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Your man in Yunnan

Everything you need to know or Everything I know or Everything I felt like typing

Mediocre things come to those who have no choice but to wait. I am talking about my most recent batch of photos from Xishuangbanna. Not that the month-and-a-half-old photos (all 117 of them) are bad — actually, I think some of them turned out pretty well — but the image quality of the versions I added to the photo gallery is a little subpar, in my opinion. The reason? I started to use this iPhoto plugin called iPhotoToGallery. It really does make the uploading process a lot easier, but the tradeoff is that your photos look like crap. Until they clean up the crap, I won’t be using it again. But I won’t be re-uploading anything, either — just don’t have time. Still, the photos should give you a good feel for ‘Banna, which, after two visits, is one of my favorite spots in China — because the place, not far from Burma and Laos, is like a vacation from China. A slice of Southeast Asia without having to go through an airport security check.

I don’t have time to the write the long, vivid travelog that a trip to Xishuangbanna warrants (my time is currently occupied by a longer, hopefully vivider[1] travelog), but I would like to leave you with a few brief Yunnan travel tips:

Tip one: Go to Yunnan. You will love it.

Tip two: When in Kunming, I stay at the Yunnan University Guesthouse (云南大学招待所) or Yúnnán Dàxué Zhāodàisuǒ or Yún Dà Zhāodàisuǒ. What the place lacks in English-speaking help and friendliness it makes up for in location. It’s right near Wen Hua Xiang, a cool little alley just off Wen Lin Jie packed with cafes and eateries and shops that sell trendy clothing and outdoors gear. Check out Salvador’s, a coffee house owned by three American guys, if you are in the mood for a laid back atmosphere and some great — and cheap — Western grub. A fun bar called Speakeasy is right around the corner. And always lively Green Lake Park (photos here and here) , or Cuìhú Yuán ( 湖园), is withing walking distance. A longer walk away — but definitely still walkable — is the flower and bird market, or huāniǎo shìchǎng (花鸟市场), which has some good souvenirs and street food and is usually packed … unless it happens to be snowing in the “City of Eternal Spring.”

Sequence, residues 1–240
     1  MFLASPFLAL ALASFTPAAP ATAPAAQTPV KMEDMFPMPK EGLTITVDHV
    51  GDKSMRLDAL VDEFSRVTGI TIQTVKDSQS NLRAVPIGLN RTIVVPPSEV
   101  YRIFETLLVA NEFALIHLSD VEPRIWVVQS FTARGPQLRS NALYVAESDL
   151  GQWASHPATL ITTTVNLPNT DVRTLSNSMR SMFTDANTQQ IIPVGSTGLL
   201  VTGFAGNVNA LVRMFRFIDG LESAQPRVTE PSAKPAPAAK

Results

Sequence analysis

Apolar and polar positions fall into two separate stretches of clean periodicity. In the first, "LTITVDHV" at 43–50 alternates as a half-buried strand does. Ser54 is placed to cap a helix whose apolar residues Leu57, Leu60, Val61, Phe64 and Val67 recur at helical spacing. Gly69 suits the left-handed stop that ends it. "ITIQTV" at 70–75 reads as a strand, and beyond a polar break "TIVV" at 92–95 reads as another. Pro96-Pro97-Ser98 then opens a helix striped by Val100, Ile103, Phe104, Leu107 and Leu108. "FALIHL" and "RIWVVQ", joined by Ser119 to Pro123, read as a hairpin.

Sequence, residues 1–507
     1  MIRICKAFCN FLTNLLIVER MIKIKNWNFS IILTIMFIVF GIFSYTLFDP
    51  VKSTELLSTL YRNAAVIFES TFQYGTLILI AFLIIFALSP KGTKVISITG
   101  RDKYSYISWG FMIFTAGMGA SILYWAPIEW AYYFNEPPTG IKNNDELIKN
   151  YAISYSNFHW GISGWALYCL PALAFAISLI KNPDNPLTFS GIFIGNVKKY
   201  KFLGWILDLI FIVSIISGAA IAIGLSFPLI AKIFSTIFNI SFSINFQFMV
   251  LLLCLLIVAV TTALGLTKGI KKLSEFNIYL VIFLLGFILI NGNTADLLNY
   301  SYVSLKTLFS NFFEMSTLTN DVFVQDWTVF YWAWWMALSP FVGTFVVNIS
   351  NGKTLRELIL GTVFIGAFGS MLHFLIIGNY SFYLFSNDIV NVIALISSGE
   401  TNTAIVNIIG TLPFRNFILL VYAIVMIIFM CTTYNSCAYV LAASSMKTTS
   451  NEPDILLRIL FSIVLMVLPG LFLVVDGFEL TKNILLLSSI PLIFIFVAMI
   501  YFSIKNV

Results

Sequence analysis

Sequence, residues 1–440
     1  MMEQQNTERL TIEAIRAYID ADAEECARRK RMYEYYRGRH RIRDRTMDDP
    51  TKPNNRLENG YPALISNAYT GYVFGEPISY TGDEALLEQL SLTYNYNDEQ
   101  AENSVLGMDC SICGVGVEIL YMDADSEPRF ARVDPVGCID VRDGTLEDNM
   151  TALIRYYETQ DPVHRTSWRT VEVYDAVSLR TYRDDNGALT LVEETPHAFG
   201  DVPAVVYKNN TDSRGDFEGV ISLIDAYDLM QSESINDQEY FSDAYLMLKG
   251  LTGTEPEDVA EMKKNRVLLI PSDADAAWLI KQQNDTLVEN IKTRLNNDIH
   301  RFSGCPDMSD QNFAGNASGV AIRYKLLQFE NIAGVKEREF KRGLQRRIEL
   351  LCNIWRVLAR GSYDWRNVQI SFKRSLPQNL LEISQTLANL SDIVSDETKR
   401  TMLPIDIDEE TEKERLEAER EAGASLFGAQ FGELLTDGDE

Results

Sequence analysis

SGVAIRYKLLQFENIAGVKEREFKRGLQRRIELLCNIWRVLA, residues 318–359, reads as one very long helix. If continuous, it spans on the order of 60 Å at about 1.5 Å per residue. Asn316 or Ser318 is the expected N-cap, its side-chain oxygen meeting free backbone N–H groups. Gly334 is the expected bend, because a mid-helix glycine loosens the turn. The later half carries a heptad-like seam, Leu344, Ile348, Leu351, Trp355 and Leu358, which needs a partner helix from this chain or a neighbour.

Tip three: Don’t be afraid to fly. And don’t be afraid to buy your tickets in the Kunming airport. We were short on time, so even though I would normally recommend at least one long and bumpy ride on a bus or train to most China visitors, we opted for the quick fix and flew everywhere (and, as a guy who has been on his share of Chinese buses and trains, I wasn’t complaining). I normally buy my plane tickets through a Shanghai-based, English-speaking ticket agent named Lisa (lisaxuni @ yahoo.com or 13817892972), but we didn’t plan our Yunnan-based travel far enough in advance for her to help us. Not to worry, however. Lisa told us to just buy the tickets at the airport and she told us what the prices should be … and they seemed pretty cheap. Now, if you went to an American airport asking to buy tickets for a flight that leaves tomorrow, you would likely get laughed at — and if you expected to get a bargain, you would really deserve to be laughed at. So I was skeptical when we approached the China Eastern desk at the Kunming Airport looking to buy three roundtrip tickets to Lijiang and three more to Jinghong in Xishuangbanna. Then they told me the prices … and they were even cheaper than what Lisa told me they would be. Roundtrip to Lijiang: RMB 630 (less than $80). Roundtrip to Jinghong: RMB 680 (around $85). Not bad. Not sure how normal this is, mind you. Prices fluctuate greatly, I have been told. Last time I flew from Kunming to Jinghong and back, last November, my flight was about double that price. But, silly me, I bought that ticket through an agent. Should have gone right to the airport, I guess.